Wednesday, July 20, 2011

A Drunk Doc and 75 Stitches


I can remember quite vividly some of the adventures we got ourselves into back in the late 50s and early 60s. All of us were minors of course, but that was of little consequence to either us or the bar owners who never hesitated to book us into their clubs. They would set a rum and coke on the table along with a half filled bottle of Coca-Cola so that in case the fuzz came in, it would appear as if we were drinking plain soda. It really made no difference, the cops didn't give a damn anyway.

We were the house band at one club in Flint, and played six nights a week. My mom would drive me there and pick me up. Imagine THAT. I'm playing in a club, and I have to wait for mommy to come and get me! Sometimes she'd come early and wait, like a chaperone at a high school dance. Embarrassing!

Our financial status improved too. We'd get about $100/wk per man. In today's money that's the equivalent of about $1000. Pretty good cash for a punk kid. We were also in demand for parties and dances... proms and the like. We'd bring in some additional players, Ed Chick for instance. Ed was a first rate accordion player. With him on board, we could morph from rock band to dance band instantaneously. At the end of the gig we'd grab the cash and dash, life was good.

We were also in demand individually as side-men and session cats. I was able to pick up quite a sum of money by backing the various Hillbilly and wanna-be rockers who booked sessions at the Detroit studios. This was pre soul. Most people probably don't recall that Detroit was a huge center for Country music long before Motown became a factor. When Jack Scott, a Canadian singer from Windsor who'd relocated to Hazel Park, MI, hit it big with “My True Love” every Hillbilly singer in the state booked time at a studio to cut records. Most of them went nowhere of course, but I still got my $15.75 “dub fee” per session. I could knock off two or three of those on a Saturday.

Our very first attempt as studio cats was a single on Drifter, a subsidiary of Clix records in Troy, MI. The song, “Twilight Zone,” inspired by the popular TV show of the same name, featured a young singer/songwriter by the name of Barry Raye (Combs). We cut this in some guy's basement studio...all of them were basement studios... and he wanted in the worst way to play on the record. He kept telling us “steel guitars sound good on records boys.” We deferred, thankfully. The record was a complete stiff, but this year Dick Johnston discovered it on a European album. I wonder where my royalty checks are!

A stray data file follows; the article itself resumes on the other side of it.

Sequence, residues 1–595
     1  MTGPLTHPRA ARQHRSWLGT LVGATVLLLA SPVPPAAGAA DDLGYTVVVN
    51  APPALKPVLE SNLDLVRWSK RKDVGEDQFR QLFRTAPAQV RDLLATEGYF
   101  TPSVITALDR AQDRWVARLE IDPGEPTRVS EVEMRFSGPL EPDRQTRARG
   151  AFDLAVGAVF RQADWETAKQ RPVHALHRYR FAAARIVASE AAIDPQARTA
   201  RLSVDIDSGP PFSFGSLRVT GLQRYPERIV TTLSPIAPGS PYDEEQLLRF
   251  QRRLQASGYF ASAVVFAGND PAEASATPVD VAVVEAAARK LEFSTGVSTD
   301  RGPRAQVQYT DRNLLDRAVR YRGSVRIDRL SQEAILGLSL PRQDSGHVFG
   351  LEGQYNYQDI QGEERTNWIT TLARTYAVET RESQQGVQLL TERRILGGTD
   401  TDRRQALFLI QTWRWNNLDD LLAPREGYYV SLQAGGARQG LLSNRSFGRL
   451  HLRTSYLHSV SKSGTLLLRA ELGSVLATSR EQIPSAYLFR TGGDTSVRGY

Since it was the radio guys who helped us in the beginning, we did as many of their shows as possible. Private promoters came out of the woodwork as well. They smelled cash in this Rock-N-Roll Teen Dance thing, and booked us for their shows.

On one occasion Del and I were traveling to some show, somewhere when the car in front of us hit the binders. Problem was, he'd forgotten to hook up the brake lights on the boat trailer he was hauling. This is what I remember:

Me: “Huh?”

We'd plowed straight into the back of the guy's boat. A huge piece of it came through the windshield and sliced the hell out of my arm. I was rushed to a local hospital, where they immediately contacted the only doctor in town. Problem was, he was drunk as a skunk. He squirted Novocaine all over my wounds...which stung like hell... and proceeded in a drunken stupor to sew me up. I looked like Frankenstein's monster after he got through. Altogether I wound up with 75 stitches, and a huge bandage on my arm. My parents came up to get me, but I refused to go home. I was determined to play the show, and the next night, I did.

There's an old show-biz saying... “The show must go on.” Whoever said that was a MORON!

The thing became infected, and I had to go to yet another doctor to get it cut and drained. Talk about pain! Good grief, to this day I break out in sweats just thinking about it! I've had a monstrous scar on my arm and back ever since. I'm told that if the cuts had been a half inch higher, I could have lost my arm.

But that was the extent of the drama. For the most part we just kept on playing, making money, and enjoying our little slice of local fame.


  1. Yeah...I remember that. I remember how terrified for you I was that night, driving with them to some part of Michigan I'd never been to before. I remember how frightened Mom and Dad were and how anxious we all were. I remember Mom draining the pus from your wounds. That was the summer just before Grampa died, so 1961, which meant you were not yet 16. Mom was a lot more lenient as a parent than I was.

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